But when the night sky darkened, he always found himself struggling to fall asleep at night. Laying in bed he’d think of his family back at home and the monsters that hid under his bed, fearful of life’s scary unknowns. To fall asleep, he’d listen to his counselors stories each night, that told the histories and memories behind Baco’s true story. Every counselor would tell a new tale each night, recounting memories from their own personal pasts.
Breathe in and take a look around. Camp is like a fairy tale – constantly blurring time’s path and the distinct line between our reality and fantasy – Forever tangling its own course as its rewritten and retold. Like a daydream, where you aren’t aware of the beauty around you, or the magical traditions that repeat and live on longer than you. Like the fairy tales that tell the story of a boy who grew up, or the boy who got super powers – the stories that people never ever forget.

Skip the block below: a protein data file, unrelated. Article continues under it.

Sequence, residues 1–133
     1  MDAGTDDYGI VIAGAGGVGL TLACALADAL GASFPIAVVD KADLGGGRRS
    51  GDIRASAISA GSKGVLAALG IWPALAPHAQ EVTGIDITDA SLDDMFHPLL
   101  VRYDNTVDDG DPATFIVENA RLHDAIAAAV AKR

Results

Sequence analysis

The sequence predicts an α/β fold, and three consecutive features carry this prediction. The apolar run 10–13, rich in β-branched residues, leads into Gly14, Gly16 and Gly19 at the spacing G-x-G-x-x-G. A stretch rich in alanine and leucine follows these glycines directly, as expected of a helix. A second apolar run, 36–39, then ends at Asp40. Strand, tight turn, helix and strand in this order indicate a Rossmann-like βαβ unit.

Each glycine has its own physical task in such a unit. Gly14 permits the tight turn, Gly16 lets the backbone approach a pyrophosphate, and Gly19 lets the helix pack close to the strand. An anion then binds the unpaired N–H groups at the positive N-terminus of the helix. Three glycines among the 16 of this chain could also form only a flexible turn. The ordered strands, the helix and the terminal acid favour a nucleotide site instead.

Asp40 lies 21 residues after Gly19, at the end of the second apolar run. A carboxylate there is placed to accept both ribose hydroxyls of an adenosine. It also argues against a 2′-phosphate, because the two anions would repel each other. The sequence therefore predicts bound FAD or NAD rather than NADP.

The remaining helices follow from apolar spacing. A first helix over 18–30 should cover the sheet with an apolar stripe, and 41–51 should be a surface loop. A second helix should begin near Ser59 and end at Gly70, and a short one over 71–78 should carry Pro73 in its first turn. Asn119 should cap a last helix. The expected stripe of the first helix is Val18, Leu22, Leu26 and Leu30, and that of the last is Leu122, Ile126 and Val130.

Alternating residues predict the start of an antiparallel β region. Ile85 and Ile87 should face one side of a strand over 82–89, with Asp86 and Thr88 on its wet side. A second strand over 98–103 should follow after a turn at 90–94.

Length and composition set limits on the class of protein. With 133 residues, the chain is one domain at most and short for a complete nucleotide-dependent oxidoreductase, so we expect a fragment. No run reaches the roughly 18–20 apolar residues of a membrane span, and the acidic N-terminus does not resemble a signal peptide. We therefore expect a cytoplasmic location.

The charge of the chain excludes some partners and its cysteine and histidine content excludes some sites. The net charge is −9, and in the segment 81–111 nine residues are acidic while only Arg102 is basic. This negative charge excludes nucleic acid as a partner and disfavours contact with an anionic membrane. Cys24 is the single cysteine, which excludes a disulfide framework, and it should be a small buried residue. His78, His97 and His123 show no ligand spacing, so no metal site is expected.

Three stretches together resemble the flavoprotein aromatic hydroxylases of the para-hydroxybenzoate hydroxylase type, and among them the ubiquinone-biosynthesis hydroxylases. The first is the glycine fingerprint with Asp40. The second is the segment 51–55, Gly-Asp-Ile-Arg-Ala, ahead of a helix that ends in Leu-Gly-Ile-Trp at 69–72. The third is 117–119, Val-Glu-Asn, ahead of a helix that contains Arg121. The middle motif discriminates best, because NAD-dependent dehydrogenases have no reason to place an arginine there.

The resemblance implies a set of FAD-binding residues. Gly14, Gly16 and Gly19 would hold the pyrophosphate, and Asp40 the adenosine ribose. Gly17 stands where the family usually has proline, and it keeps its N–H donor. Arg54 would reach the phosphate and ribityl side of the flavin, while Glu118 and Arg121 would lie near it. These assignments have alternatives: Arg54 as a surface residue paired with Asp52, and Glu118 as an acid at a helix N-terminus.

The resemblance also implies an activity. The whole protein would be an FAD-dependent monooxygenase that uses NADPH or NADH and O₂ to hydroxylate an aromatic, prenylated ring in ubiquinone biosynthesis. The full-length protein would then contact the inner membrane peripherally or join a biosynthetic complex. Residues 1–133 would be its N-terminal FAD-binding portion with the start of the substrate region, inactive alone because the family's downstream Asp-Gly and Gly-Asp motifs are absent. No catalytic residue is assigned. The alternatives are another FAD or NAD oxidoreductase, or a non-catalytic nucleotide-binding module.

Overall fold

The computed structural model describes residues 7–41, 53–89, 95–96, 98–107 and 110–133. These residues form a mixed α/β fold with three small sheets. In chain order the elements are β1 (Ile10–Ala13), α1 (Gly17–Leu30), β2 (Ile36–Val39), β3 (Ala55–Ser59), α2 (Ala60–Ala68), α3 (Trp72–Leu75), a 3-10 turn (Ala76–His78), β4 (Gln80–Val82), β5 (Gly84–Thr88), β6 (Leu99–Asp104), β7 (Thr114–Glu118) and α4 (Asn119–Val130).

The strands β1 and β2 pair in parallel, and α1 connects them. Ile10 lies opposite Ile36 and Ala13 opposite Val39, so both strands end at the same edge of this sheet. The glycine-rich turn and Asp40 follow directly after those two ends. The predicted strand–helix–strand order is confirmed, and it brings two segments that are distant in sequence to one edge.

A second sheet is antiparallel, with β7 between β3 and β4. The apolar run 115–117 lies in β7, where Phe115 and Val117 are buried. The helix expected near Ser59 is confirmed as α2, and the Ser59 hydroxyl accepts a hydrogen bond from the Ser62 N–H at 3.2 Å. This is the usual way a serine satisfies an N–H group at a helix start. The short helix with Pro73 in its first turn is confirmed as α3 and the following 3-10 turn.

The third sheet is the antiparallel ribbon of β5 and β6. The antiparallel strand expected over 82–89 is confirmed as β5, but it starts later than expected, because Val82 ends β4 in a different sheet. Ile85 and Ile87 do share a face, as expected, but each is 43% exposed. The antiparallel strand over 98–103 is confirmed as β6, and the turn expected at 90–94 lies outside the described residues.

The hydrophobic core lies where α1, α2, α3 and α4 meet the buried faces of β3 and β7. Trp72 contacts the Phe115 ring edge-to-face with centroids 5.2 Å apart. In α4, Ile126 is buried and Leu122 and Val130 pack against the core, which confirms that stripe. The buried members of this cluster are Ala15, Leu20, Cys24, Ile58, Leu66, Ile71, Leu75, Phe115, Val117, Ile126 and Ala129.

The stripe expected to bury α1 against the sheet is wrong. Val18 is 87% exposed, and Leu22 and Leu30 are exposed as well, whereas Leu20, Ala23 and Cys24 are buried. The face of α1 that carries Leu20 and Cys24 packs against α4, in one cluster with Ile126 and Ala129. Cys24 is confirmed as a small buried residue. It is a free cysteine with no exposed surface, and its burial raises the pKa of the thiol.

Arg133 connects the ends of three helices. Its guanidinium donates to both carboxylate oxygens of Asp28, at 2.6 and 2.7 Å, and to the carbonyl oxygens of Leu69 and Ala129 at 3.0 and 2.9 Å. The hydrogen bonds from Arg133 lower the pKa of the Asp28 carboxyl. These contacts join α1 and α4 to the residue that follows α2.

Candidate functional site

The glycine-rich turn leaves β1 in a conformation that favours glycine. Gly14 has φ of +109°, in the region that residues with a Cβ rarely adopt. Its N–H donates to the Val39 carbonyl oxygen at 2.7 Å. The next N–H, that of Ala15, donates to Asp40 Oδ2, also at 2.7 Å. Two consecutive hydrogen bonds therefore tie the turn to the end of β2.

But most stories are not all fairy tales, and every story ever told is unique. Yet in this magical place you all sit in today, everyone’s story is able to blend and be told and heard together. Some of your stories are just beginning, and some of you may already have a great collection, yet you all are able to enrich your own story by hearing each other’s. The characters you meet, the ones that come and go and pass and stay – the characters you love, and hate, and the ones you hate to love and love to hate – they add to your story – teaching you how to grow and evolve.